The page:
Archive: Dec 2013

  1. Happy Holidays from ELP Advisors

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    As 2013 draws to a close, we take a look back to recognize the amazing strides that moved the collective “us” forward this past year.  First, the Great Recession finally (finally!) ended.  After six long years of little or no economic growth, this year marked the beginning of a shift in the tide toward optimism.  Our national unemployment rate has dipped to 7% and is predicted to drop to 6% next year which represents near full employment for the country.  And, just revised today, the national GDP grew 4.1% in the 3rd quarter of 2013 – an astonishingly strong growth rate. In California, while the unemployment remains at 8.7%, the state’s budget is predicted to have a surplus of nearly $10 billion next year.  When was the last time we posed numbers like that?

    On a personal note, the Supreme’s Court affirming of the invalidation of Proposition 8 and their striking down of DOMA represented a watershed moment in our nation’s history.  We celebrate that our country continues to march forward to true equality for all.

    We look forward to 2014 with great anticipation and excitement about a future full of opportunities and growth.  This month we end the year with a guest writer, Rudy Espinosa, who is a good friend to ELP Advisors and is spearheading some of the most progressive movements in Los Angeles.  Next year, we will continue to profile dynamic leaders and the work they are doing on behalf of communities throughout the country.   With that, happy new year and happy holidays from all of us at ELP Advisors to you and your families!

    Sincerely yours,

    Cecilia V. Estolano | Jennifer LeSar | Katherine A. Perez-Estolano

  2. Legalizing Street Vending: An Opportunity for Los Angeles

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    This month, ELP Advisors has invited another friend of the firm to share his knowledge with our readers. This time we’re exploring how the City of Los Angeles can develop a permit system for street vending. We’ve invited Rudy Espinoza of the Leadership for Urban Renewal Network (LURN) to share some insights on street vending in Los Angeles and the movement to legalize it across the city.

    By: Rudy Espinoza, Leadership for Urban Renewal Network

    Street vending is illegal in Los Angeles. This is a surprise in a city known for its vibrant street culture and diversity. The taqueros, the bacon-wrapped hot dog vendors, and even the fruit vendors we all love are technically criminals in the City of Los Angeles. In fact, Los Angeles is one of the only major cities to not permit street vending, and the sole hold-out of the country’s ten largest municipalities. (more…)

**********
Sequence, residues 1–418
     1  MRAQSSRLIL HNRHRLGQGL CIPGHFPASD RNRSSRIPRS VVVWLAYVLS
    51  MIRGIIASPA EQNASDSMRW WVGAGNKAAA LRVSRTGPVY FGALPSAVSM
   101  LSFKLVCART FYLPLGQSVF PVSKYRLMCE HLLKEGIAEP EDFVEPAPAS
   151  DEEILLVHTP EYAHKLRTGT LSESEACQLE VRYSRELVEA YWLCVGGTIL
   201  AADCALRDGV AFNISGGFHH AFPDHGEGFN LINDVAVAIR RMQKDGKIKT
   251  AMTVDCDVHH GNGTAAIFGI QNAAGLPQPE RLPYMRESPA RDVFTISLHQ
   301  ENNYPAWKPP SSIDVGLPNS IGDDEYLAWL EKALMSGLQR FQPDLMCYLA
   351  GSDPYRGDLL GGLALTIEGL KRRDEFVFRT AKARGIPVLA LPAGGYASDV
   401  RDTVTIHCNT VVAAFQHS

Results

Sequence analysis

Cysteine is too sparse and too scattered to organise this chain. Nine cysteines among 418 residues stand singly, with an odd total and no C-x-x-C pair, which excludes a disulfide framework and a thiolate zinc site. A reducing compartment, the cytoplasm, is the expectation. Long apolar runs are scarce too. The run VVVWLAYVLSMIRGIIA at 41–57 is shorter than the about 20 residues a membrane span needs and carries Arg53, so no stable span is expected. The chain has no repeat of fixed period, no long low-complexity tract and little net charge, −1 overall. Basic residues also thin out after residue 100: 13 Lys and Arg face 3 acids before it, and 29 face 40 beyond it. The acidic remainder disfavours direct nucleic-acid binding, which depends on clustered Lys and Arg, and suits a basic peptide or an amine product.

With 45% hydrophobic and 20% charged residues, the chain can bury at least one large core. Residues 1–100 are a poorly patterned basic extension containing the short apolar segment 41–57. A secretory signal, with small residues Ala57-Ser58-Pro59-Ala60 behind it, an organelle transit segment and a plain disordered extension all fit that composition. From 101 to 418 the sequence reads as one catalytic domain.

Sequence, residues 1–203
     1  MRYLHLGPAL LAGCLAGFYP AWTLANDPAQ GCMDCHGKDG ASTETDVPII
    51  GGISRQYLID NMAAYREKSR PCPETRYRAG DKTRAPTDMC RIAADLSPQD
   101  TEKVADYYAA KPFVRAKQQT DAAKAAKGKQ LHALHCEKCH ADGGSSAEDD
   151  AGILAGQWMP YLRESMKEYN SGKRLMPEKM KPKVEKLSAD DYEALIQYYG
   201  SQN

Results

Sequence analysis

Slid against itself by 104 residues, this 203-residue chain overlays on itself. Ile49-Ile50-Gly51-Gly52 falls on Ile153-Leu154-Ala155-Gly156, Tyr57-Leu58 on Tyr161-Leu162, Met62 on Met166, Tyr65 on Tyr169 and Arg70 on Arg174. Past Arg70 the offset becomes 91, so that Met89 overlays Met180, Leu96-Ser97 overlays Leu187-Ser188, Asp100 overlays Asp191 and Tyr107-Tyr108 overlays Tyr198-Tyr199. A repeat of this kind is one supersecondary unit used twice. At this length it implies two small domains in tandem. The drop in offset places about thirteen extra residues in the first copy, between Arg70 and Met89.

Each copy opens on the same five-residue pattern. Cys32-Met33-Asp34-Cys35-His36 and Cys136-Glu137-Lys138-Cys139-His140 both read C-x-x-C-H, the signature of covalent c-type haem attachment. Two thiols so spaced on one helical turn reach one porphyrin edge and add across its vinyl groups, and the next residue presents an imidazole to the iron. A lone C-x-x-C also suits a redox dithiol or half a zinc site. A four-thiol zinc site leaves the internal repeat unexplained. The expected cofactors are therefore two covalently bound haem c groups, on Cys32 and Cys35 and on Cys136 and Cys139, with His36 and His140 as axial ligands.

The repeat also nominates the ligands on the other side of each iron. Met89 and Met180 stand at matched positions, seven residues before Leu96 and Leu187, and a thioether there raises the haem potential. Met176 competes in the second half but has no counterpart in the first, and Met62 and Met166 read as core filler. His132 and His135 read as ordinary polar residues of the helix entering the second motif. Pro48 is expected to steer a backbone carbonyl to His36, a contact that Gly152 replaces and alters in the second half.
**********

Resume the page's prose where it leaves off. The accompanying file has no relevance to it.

3. Whose Bridge is it Anyway?

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    People are driving less and using transit more. It’s been an ongoing trend, but with few exceptions, the automobile still reigns supreme in many parts of the U.S. Now, a growing – and increasingly vocal – minority of non-motorized road users are demanding safe access to local streets. While accommodating safe passage for pedestrians and bicyclists on public streets seems like a no-brainer, recent fights over the shared use of our roadways show that sometimes it’s easier to share the road in theory than it is in practice. In many urban centers, the reality of scarce funding and over-taxed infrastructure is forcing the debate on how public assets should be shared. Take bridges for example. (more…)

  4. Right Coast, Wrong Coast: Two States Grappling with Affordable Housing

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    Image from Habitat for Humanity Portland/Metro East: http://www.flickr.com/photos/habitatpdxmetro/8640476095/sizes/l/

    Image from Habitat for Humanity Portland/Metro East: http://www.flickr.com/photos/habitatpdxmetro/8640476095/sizes/l/

    Fully half the renters in the U.S. now spend more than 30% of income on rent, “up 12% from a decade earlier,” according to a recent report from the Joint Center for Housing Studies at Harvard University. The problem is more dire if you look at low-income households, where more than 8 in 10 renters with incomes below $15,000 pay more than 30% of their income on housing costs. The provision of affordable housing across the country continues to be a significant problem for local governments. But the policy mechanisms available for local officials and affordable housing advocates vary from state to state. Recent Supreme Court decisions in New Jersey and California highlight the effects that state regulatory frameworks have on cities and developers looking to build housing. (more…)

  5. A Race for Solar Power

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    Image from Dept of Energy Solar Decathlon: http://www.flickr.com/photos/solar_decathlon/6198586468/sizes/l/

    Image from Dept of Energy Solar Decathlon: http://www.flickr.com/photos/solar_decathlon/6198586468/sizes/l/

    What started out as a program solely in the U.S. has been expanded globally with Solar Decathlon Europe and Solar Decathlon China. The Solar Decathlon is a collegiate-level competition, created by the U.S. Department of Energy (DOE) in 2002, to encourage innovation in technology, financing mechanisms, and the design of solar-powered homes. (more…)

  6. Taking the Train

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    Bicycles have been humming along our streets with increasing frequency, but many riders in urban locations are hesitant to hop on two wheels to get to work. In Los Angeles, the Bike Train has been running since May of this year to ease those worries and make bicycle commutes a safe and enjoyable experience for LA residents. Bike Train essentially offers group rides for commuters who aren’t quite ready to strike out on their own. (more…)